The Nassau County police union that represents the officer who tragically shot and killed a Hofstra University student last week is backing him “100 percent” and defending him from those criticizing his actions during the home invasion.
Nassau County Police Benevolent Association President James Carver expressed his condolences to 21-year-old Andrea Rebello’s family during his first public appearance since the robbery, saying, “[I] can’t imagine the pain that they’re going through right now.”
But, Carver made clear that outsiders should point the finger at 30-year-old Dalton Smith, a career criminal from Hempstead who had recently absconded from parole after his early release from prison in February, instead of the 12-year Nassau police veteran, who hasn’t been identified.
“There’s only person responsible for what happened early Friday morning,” Carver blasted. “And that’s the ex-con that was on parole and while on parole violated his parole and was still out there to commit more violent crimes as he did the other day.”
“There’s some second guessing going on by people who think we should’ve stayed outside the house,” he added. “But our job is to get inside there and make sure we can protect as many people as we can.”
Carver declined to go into the details about the case, citing the ongoing investigation. The Nassau County District Attorney’s office is also looking into the incident as it does “every police involved shooting,” a spokesman said. Nassau County Executive Ed Mangano said that Police Commissioner Thomas Dale “will conduct a complete and thorough investigation of this terrible tragedy,” according to a county spokeswoman.
The parolee, Smith, used Rebello as a human shield as he tried to make it out of the house during a failed robbery attempt Friday around 2:20 a.m. Three of the four occupants, including Rebello’s twin sister, had already made it to safety when Smith put Rebello in a headlock, tucked her close to his chest, and pointed his .9mm at the officer before the officer fired eight shots—one hitting Rebello in the head, according to police.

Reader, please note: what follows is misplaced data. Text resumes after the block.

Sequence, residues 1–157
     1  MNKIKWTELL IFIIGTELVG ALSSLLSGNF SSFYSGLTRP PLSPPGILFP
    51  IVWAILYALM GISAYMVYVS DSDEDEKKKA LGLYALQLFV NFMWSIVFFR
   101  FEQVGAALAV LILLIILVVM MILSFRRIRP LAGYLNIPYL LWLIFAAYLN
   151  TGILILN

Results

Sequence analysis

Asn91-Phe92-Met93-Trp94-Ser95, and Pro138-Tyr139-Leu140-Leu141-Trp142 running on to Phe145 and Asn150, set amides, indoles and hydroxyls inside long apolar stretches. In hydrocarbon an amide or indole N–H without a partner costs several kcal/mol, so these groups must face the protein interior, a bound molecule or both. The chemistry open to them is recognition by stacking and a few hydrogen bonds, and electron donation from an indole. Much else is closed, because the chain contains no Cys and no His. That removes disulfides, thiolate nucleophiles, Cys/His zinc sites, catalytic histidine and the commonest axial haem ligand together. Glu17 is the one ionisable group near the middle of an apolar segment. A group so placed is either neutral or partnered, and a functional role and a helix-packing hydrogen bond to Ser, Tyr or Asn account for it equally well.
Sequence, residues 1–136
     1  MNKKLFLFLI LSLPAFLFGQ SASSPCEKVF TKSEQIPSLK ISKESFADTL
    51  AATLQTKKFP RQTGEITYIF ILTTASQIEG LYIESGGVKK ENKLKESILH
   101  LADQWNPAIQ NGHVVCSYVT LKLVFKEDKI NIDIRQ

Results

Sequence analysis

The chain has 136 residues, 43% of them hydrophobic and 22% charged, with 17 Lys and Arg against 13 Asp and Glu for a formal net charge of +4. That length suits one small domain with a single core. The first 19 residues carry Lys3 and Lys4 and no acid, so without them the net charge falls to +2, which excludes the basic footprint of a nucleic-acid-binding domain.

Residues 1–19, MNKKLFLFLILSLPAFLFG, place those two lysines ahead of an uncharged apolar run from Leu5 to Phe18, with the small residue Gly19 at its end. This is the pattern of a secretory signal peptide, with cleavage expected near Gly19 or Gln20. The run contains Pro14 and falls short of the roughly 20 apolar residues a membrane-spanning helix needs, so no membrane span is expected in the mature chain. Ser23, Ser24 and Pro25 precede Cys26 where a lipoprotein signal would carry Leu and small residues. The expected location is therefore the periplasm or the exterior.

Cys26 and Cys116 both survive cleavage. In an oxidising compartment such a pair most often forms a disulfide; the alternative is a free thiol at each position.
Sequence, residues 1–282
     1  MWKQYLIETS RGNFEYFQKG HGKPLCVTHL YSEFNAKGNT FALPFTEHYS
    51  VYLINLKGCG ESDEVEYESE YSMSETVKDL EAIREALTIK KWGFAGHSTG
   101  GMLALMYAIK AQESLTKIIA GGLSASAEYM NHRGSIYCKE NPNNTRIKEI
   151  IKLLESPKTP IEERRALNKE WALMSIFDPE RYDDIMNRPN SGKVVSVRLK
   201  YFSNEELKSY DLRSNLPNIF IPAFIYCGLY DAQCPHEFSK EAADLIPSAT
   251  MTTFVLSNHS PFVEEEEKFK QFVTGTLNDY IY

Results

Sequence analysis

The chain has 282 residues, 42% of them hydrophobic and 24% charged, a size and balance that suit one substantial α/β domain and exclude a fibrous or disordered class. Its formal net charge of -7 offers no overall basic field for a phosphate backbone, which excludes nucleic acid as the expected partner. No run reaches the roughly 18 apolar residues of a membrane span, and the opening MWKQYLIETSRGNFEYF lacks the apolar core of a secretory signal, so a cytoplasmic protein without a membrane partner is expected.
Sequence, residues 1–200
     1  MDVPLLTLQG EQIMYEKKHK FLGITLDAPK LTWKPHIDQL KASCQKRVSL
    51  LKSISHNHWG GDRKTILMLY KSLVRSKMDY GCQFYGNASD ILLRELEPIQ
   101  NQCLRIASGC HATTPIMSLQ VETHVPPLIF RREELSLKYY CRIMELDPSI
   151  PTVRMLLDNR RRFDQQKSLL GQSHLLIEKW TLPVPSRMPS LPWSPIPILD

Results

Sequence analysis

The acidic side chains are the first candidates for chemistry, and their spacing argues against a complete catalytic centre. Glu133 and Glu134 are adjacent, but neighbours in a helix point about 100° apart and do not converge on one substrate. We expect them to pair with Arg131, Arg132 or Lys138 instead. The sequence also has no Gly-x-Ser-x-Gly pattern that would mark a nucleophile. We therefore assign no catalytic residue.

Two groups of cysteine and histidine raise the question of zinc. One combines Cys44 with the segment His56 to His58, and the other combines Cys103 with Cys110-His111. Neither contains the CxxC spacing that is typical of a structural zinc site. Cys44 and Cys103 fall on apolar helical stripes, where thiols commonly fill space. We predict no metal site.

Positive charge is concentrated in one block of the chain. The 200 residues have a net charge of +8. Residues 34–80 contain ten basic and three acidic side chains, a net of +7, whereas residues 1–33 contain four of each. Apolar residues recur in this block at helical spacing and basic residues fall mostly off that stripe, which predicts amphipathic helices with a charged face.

The officer was taken to the hospital after the incident and has since been interviewed by investigators, Carver said.
Officers are often criticized for their actions despite the unpredictable nature of police work, the union boss noted, adding that fellow officers stand “100 percent” behind their fellow officer.
His voice rising at times, Carver laced into critics that have questioned why the two responding officers didn’t wait for a hostage negotiation team to arrive before going into the dark house after Rebello’s friend, allowed to leave to retrieve Smith more cash from an ATM, called 911.
“When you respond to a call you don’t wait around the block and wait for your backup to come,” he said. “What we’re trained to do is respond immediately there and we take action. That’s what we do.”
“A split second decision will now become second guessed and criticized by those that never went to a police academy, never once responded to a call with a man with a gun,” Carver added.
Rebello’s uncle, Henrique Santos, has been the first close family member to express his frustration with the officer, telling The Journal News, that “he should’ve negotiated,” with Smith.
The uncle also added, “He should have hit the guy with the first shot, not eight.”
Carver noted that he has no problem with the uncle expressing his frustration with police.
“I understand why he second guesses,” he said. “They lost a family member, they lost a loved one and it’s a very emotional time for them. I understand his thoughts in this matter.”
He also called on the parole board and lawmakers to examine how dangerous criminals such as Smith are allowed back onto the streets.
Smith, whose rap sheet dates back 14 years, had served nine of his 10 year sentence for attempted robbery and criminal possession of a weapon when he was conditionally released on May 5, 2012, according to New York State Department of Correction and Community Supervision spokesman Tom Mailey.
He absconded the first time in July 2012 and was arrested.
“On October 5, 2012 an Administrative Law Judge, with independent decision-making authority, gave Smith a 12 month time assessment, with the condition that his parole would be restored if he entered and successfully completed a 90 day drug treatment program,” Mailey said in a statement.
Smith completed the program in February and was released to Post Release Supervision. He failed to make contact with his parole officer on April 23 and then left his approved residence. That’s when police issued a warrant for his arrest.
“A team from Parole started following up on leads, and checking his past residences and other locations he was known to frequent,” Mailey said.
The officer is currently with close friends and family and is on sick leave, Carver said.
Rebello’s friends and family will say their final goodbye at a funeral service in Sleepy Hollow on Wednesday.